Drashti Thakkar is currently in the MSc Migration Studies at the University of Oxford. Her research focuses on urban refugees, informal economies and policy solutions studying this especially in a comparative perspective. She volunteers for various London based migrant and refugee organisations like Hackney CVS and the Renewal Programme.  Previously, she completed a B.A. in Mass Media and an M.A. in Political Science form Mumbai. She also has work experience as a State Government Fellow and an evaluation researcher in India.

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Academic Editor

Emma Walker-Silverman is a doctoral student in the Refugee Studies Centre at the University of Oxford. She is interested in intergroup relations and the forces that shape them, and her doctoral research focuses on the influence of social media on host community attitudes towards Syrian refugees in Turkey. She holds an MSc in Refugee and Forced Migration Studies with distinction from the University of Oxford and a BA in Psychology with minors in Race & Ethnicity Studies and Middle Eastern Literature, Language & Culture, with distinction, from Stanford University. She has also been a visiting student at the University of Cape Town and Boğaziçi University in Istanbul. Before coming to Oxford, she worked with grassroots NGOs and conducted research as a Fulbright Scholar in Istanbul and Izmir, Turkey.



Policy Editor

Assad is currently a MSc in Migration Studies candidate at the University of Oxford. He also volunteers at the student-led Global Security Initiative as Head of Research and Analysis, where he guides and oversees analytical work and publications pertaining to current international affairs. Currently, he is researching questions of sociocultural integration for his dissertation, though his wider academic and policy interests involve far-right political activity, migration and human rights, global governance, and sustainable development. During his undergraduate studies for a BA in International Relations, he developed a background oriented around critical theory.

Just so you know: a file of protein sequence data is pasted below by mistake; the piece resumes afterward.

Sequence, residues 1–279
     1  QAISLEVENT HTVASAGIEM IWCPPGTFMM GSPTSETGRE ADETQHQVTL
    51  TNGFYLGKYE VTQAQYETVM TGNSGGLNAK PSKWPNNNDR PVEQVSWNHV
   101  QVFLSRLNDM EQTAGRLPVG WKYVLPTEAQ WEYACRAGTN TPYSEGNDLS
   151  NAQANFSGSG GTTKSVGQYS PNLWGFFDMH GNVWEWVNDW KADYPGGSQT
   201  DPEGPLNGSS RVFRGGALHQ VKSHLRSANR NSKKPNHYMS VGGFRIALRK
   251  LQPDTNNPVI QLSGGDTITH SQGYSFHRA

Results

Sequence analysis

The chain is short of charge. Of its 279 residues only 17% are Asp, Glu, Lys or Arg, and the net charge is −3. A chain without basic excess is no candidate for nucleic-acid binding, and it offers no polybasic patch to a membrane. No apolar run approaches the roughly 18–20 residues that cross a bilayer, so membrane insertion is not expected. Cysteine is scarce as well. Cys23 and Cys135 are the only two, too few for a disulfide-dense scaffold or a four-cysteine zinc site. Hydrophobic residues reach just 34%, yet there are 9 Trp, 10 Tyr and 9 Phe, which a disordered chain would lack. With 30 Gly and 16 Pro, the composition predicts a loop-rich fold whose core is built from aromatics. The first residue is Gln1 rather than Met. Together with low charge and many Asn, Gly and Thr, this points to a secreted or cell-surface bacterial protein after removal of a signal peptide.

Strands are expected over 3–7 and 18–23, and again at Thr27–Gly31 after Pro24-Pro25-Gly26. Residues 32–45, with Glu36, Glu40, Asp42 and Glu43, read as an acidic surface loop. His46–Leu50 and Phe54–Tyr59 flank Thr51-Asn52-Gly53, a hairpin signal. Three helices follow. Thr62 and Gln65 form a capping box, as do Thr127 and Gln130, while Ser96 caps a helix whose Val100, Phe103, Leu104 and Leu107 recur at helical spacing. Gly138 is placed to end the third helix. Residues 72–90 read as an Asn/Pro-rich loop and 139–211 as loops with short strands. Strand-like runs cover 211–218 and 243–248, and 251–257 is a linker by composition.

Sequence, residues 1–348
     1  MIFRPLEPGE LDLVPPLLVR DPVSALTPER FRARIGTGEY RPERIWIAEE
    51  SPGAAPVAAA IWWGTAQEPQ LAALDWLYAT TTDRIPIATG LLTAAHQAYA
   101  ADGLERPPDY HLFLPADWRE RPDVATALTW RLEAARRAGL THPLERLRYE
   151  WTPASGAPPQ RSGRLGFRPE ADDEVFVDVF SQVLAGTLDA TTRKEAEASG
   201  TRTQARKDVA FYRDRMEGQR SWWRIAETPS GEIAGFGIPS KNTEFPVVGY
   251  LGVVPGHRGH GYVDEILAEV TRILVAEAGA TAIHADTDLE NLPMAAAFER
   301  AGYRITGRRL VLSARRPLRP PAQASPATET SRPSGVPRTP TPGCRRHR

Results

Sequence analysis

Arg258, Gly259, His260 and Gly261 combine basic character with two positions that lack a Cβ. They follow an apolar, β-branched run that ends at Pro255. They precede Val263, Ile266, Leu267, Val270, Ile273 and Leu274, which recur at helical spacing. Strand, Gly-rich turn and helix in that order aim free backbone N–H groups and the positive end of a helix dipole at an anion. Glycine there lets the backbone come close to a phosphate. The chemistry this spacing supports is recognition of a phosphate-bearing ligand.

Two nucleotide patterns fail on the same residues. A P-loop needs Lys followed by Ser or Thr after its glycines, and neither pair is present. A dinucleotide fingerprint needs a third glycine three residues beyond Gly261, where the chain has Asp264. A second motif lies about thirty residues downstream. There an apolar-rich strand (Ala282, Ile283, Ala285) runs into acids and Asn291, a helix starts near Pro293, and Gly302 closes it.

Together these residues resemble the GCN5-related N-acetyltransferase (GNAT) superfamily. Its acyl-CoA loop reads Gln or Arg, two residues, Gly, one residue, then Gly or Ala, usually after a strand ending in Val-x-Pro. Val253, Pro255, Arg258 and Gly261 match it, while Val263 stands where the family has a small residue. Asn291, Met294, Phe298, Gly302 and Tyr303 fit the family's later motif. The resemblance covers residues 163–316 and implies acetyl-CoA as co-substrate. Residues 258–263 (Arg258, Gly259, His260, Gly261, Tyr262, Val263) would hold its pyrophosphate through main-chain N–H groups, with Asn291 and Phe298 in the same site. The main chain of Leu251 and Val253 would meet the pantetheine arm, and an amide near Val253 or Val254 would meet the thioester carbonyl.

Academic Editor

Alexander Bossakov is currently pursuing a MSc in Migration Studies at the University of Oxford. His research and interests relate to urban informality and labour mobilities, critical approaches to governance and development, and post-socialist and Balkan geographies. Previously, he has worked as a consultant with NYU CIC's Pathfinders for Peaceful, Just & Inclusive Societies, supporting policy research on inequality and exclusion; at the European University Institute in Florence, Italy; and throughout several nonprofits and think-tanks for short durations. He has conducted field research in Yunnan, China, northern India, and the Ecuadorian-Colombian border on topics ranging from out-migration and left-behind communities, subnational identities and social movements, and humanitarian communication and coordination mechanisms. Originally, from Sofia, Bulgaria, Alexander completed his B.A. in international studies, globalisation & sustainability at Dickinson College.